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OWC 8GB memory modules for 2009/2010/2011 Mac Pro
See also the 16GB memory modules review, which allows even more memory in both 4-core and 6-core Mac Pros.
This article is dated, but still applies in general to the 2010 and 2011 Mac Pros.
In December 2009, Other World Computing produced a breakthrough product for Apple Mac Pro Nehalem (2009) users: 8GB memory modules (1066MHz), thus breaking the 16GB memory barrier for the quad-core Mac Pro (4 slots) and allowing 64GB in an 8-core Mac Pro (8 slots).
While few users need 64GB, breaking the 16GB barrier for the quad-core model is/was a big deal, extending the range of file sizes and software that are viable on the quad-core machine. This is especially interesting, because as this was written, the quad-core 3.33GHz Mac Pro remained the fastest Mac Pro available for most uses.
For Mac Pro quad core users, the following options are recommended for serious work:
- 8GB as four 2GB modules;
- 12GB as three 4GB modules;
- 16GB as four 4GB modules;
- 24GB as three 8GB modules;
- 32GB as four 8GB modules.
The 8GB option is viable for some users, but not recommended for serious work with photography.
The 12GB is the magic number for most users, a no-brainer. But users working regularly with big files should be thinking about 16GB or 24GB or even 32GB. See Optimizing Photoshop and Optimizing Lightroom.
With 32GB or 64GB memory, some users might find a RAM disk useful for specific applications.
Photoshop CS4 with huge files PERMALINK
While Photoshop CS4 is still a 32-bit program, only able to access ~3GB of memory directly, working with huge files benefits immensely from gobs of extra memory, because Mac OS X uses extra memory for caching writes/reads to and from the drive eg the Photoshop scratch volume.
At the end of the diglloydHuge tes using 64GB of memory, I observed that Mac OS X had used 48GB of memory for caching, which explains the speed improvement; the test generates a monster 56GB scratch file.
Testing the memory PERMALINK
I tested eight 8GB modules rigorously using Memory Tester in my 8-core Mac Pro as well as my quad-core Mac Pro. I tried 24GB, 32GB, 48GB and 64GB configurations.
All modules worked flawlessly. I was even able to mix OWC modules of 8GB and 4GB sizes, though that is largely pointless.
As part of MemoryTester’s output, the memcpy() speed is shown, thus revealing how fast the memory is. This is of little importance with real applications, but can matter by a few percent in certain memory-intensive computations.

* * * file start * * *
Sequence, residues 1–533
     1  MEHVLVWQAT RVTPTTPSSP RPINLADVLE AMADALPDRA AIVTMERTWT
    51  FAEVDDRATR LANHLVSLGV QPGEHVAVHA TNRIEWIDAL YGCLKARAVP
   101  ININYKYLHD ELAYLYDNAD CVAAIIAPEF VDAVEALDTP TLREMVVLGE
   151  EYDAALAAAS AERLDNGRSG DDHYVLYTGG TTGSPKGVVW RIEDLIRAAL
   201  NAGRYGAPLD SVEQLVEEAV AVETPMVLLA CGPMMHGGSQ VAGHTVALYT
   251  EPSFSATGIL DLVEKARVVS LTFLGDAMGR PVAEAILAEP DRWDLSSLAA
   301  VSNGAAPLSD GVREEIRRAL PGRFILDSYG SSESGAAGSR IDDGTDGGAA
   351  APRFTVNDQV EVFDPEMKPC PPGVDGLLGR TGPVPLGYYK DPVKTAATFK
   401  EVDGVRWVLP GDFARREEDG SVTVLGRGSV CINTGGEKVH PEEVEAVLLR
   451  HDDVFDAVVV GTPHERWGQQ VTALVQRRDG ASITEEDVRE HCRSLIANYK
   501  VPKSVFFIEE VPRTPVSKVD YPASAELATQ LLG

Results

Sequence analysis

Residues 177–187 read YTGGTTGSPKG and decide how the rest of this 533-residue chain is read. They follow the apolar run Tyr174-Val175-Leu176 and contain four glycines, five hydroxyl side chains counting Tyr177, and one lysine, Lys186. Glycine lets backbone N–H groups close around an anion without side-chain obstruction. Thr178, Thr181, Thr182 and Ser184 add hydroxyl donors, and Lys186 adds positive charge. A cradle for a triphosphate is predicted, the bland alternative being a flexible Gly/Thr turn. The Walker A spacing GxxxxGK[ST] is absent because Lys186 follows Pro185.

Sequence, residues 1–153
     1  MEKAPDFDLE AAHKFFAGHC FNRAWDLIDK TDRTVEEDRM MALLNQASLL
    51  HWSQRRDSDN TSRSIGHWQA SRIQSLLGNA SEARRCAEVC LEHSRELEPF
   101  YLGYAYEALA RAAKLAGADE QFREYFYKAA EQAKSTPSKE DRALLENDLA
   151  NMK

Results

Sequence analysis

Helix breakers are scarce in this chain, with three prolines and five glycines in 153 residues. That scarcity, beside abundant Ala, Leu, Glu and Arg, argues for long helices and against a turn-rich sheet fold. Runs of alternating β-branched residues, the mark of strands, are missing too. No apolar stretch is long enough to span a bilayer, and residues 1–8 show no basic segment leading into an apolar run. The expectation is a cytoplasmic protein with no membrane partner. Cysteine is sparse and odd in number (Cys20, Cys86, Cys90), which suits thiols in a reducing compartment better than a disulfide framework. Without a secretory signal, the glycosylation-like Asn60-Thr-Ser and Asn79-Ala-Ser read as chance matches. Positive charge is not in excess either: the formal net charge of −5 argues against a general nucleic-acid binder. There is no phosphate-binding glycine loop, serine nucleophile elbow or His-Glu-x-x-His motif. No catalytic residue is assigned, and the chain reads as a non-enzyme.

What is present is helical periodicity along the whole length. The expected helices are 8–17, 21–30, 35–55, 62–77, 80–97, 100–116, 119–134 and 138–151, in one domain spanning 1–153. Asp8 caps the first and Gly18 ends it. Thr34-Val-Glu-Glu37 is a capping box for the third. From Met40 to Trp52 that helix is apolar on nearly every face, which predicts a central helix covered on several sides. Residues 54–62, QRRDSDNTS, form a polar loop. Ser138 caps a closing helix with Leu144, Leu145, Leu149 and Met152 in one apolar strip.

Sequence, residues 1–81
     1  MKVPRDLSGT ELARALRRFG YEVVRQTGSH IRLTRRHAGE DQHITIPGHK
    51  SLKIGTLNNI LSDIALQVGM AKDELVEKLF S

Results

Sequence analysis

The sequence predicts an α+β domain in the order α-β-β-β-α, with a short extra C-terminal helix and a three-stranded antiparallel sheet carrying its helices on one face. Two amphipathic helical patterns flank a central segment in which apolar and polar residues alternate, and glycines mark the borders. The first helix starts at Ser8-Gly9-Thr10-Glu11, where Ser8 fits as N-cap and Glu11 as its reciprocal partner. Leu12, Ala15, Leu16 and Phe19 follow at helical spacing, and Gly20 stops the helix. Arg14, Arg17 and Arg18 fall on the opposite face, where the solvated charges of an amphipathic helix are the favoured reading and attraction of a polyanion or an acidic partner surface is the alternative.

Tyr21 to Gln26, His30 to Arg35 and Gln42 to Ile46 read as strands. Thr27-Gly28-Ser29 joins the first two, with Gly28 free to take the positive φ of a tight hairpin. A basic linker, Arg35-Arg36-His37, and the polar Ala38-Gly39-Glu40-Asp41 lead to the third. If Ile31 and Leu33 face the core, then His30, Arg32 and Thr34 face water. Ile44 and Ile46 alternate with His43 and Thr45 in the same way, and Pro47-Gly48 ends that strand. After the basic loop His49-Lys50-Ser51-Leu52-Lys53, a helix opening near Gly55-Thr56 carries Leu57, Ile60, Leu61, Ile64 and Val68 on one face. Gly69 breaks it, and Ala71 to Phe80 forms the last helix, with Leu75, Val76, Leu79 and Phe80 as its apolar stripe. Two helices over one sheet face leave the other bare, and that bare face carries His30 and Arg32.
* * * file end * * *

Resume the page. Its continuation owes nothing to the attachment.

Memory bandwidth is fastest with 3 or 6 modules, because of triple-channel memory in the Mac Pro. Triple channel memory is not (as theory advises) 50% faster when moving memory via memcpy(); it is only about 28-36% faster. That’s the Real World.
Memory bandwidth testing is subject to the vagaries of where the system actually allocates the memory, how threads are scheduled, how many threads are created, whether hyperthreading is used, etc. These figures are not memory bandwidth per so much as what a real program can actually do on Mac OS X 10.6.2.
8-core: 64GB as 8 X 8GB: 7394 - 9451 MB/sec
8-core: 48GB as 6 X 8GB: 9495 MB/sec
8-core: 24GB as 6 X 4GB: 9530 MB/sec
4-core: 32GB as 4 X 8GB: 4212 MB/sec
4-core: 24GB as 3 X 8GB: 5741 MB/sec
4-core: 12GB as 3 X 4GB: 5742 MB/sec
The first thing was to boot up and chooseto verify that the system recognizes the memory. As shown below, there are eight 8GB modules installed.
Be sure to also check that Status is "OK". If you see ECC errors, exchange the memory immediately for a reliable module (ECC means Error Correcting Code).
The 64-bit MemoryTester program stress command stresses the computer maximally: heat brings out latent problems; running all CPU cores and writing/reading all available memory makes things hot.
There is nothing that can stress you Mac more; MemoryTester keeps all CPU cores at 100% while relentlessly writing and reading memory (disk I/O on all disks is optional). Without a doubt, 99.99% of Mac Pro users will never stress their machines this hard! The stress test generates maximum heat, the killer of marginal components, and a sure way to cause system crashes with “weak” parts.
During and after the stress test, be sure to check for ECC errors. I recommend a minimum test duration of one hour, but 3-4 hours or even overnight will prove beyond a doubt that things are rock-solid.
I experienced no ECC errors with the 8GB modules on either of my Mac Pro systems: perfect!
I worked with the 8GB modules over the course of a week with all my usual software. Flawlessly operation, just as with the 4GB modules I had been using.
Frequently asked questions PERMALINK
Why do 8GB module cost more?
Ideally, an 8GB module would be only twice the price of a 4GB module. But the 8GB modules use the latest high-density memory chips. These are more costly parts, and hence the modules are more expensive to build. Over time prices should decline.
If you don’t need to max-out your Mac Pro right now, stick with 4GB memory modules and go to 12GB or 16GB in your quad-core (or 24GB in your 8-core). In the 8-core machine, you could also go to 12GB as six 2GB modules, your least costly option.
Do you need more memory?
Determine if you need more memory by using Activity Monitor to see what’s happening while using your favorite programs.
OWC maintains a testing lab with every Mac they selling memory for, so they can guarantee it works in your Mac.
The arrival of 8GB modules is a boon to quad-core Mac Pro users, extending the lifespan and versatility of the machine at a time when 64-bit Mac OS X Snow Leopard is gaining traction, and programs are making the transition to 64-bit capability. More memory will become more and more useful.
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